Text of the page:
Roberto Clemente named 1966 NL MVP

Written by: Jonathan Coe

Roberto Clemente’s bat, arm and legs left their mark throughout baseball’s rich history.

But Clemente, the all-round Pittsburgh great who regularly sacrificed personal glory, reached the peak of his game on Nov. 16, 1966, when he was named the National League's Most Valuable Player.

Clemente, the only player mentioned on all 20 ballots cast by the Baseball Writers’ Association of America, tallied eight first place votes and racked up a total of 218 points.

Dodgers pitcher Sandy Koufax finished in second place for the second consecutive year.

Clemente’s .317 lifetime average as a hitter was one of the best in modern baseball, and his speed and throwing ability in the outfield made him one of the game’s top all-around players.

“Clemente is the most complete ball player to wear a baseball uniform. He can do everything to beat you. He can hit for power, he can steal a base, he can field, and his arm alone should take him to Cooperstown,” said Cardinals manager – and future Hall of Famer – Red Schoendienst.

Clemente, a four-time batting champion and back-to-back winner in 1964-65, drove in 100 runs for the first time in his career in 1966.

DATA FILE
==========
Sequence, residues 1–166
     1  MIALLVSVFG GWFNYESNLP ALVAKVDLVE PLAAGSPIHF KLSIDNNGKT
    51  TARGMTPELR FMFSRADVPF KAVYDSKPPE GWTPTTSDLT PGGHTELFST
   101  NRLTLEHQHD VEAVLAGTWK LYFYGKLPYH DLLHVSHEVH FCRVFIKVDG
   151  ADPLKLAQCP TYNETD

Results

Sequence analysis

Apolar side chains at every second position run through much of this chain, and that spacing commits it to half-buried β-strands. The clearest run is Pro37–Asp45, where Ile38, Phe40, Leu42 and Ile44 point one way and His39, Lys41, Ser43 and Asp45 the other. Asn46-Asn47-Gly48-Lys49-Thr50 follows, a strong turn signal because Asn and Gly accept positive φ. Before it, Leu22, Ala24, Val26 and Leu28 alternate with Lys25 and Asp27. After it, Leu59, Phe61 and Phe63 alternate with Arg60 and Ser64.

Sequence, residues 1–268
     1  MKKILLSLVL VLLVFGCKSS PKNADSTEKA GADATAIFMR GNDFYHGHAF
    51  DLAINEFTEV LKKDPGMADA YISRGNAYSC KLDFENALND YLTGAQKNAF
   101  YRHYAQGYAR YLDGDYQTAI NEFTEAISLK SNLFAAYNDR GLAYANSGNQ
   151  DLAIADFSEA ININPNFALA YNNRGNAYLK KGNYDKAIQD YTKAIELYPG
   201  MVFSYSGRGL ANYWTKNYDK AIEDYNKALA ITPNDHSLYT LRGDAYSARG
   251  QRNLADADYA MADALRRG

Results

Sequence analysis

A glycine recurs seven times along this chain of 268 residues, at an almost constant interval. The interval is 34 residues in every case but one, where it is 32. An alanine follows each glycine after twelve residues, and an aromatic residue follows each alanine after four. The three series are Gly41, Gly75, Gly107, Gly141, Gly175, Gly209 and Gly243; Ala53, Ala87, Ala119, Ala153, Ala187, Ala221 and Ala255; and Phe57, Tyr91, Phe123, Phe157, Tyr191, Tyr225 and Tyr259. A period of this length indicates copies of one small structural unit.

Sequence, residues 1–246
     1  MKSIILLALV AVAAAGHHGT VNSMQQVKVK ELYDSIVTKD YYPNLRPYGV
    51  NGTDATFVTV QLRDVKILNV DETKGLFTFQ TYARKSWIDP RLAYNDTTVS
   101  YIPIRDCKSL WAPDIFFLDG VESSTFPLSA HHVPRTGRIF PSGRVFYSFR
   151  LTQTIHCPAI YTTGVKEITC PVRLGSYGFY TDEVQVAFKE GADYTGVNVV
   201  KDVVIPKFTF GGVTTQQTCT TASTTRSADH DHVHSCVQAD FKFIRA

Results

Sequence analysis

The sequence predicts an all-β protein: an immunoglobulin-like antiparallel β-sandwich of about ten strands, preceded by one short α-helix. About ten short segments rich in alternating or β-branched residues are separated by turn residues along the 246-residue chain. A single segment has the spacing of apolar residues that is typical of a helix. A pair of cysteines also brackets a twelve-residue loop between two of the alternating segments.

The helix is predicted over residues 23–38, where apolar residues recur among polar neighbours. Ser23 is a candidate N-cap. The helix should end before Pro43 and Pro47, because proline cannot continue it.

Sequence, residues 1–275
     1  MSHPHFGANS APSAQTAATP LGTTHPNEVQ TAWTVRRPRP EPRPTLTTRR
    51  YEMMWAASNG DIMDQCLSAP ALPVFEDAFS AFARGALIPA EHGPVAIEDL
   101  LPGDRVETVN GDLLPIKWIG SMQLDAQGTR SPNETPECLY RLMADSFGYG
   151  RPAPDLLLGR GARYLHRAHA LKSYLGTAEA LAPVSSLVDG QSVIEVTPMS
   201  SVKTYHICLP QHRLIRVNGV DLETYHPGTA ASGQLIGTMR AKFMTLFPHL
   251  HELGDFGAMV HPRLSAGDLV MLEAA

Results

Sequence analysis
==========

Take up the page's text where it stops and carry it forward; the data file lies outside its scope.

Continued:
His 119 runs batted in were second to only Hank Aaron’s 127 in the National League.

Many marveled at his skill set, including MVP runner-up Sandy Koufax, who had nothing but awed commentary: “Roberto can hit any pitch, any where, at any time. He will hit pitchouts, he will hit brush-back pitches. He will hit high, inside pitches deep to the opposite field, which would be ridiculous even if he didn’t do it with both feet off the ground.”

Clemente considered the MVP award his biggest thrill in baseball, aside from 1960 when the Pirates won the pennant and the World Series, to that point in his career.

“This is a big moment for me,” said Clemente upon being informed that he won the award. “If the Pirates had won the pennant, this would have made my dream come true.”

Known as a pure gap hitter, Clemente later became the 11th man in baseball history to record 3,000 hits. His line-drive approach resulted in 440 doubles and 166 triples while playing his home games at Forbes Field, known as a pitcher’s park.

“Clemente and greatness are one and the same word,” proclaimed then-Expos manager Gene Mauch. “Players like him come along once in a lifetime.”

Clemente died on Dec. 31, 1972, in a plane crash while delivering earthquake relief supplies to Nicaragua. He was elected to the Hall of Fame in 1973.

Jonathan Coe was a public relations department intern at the Hall of Fame

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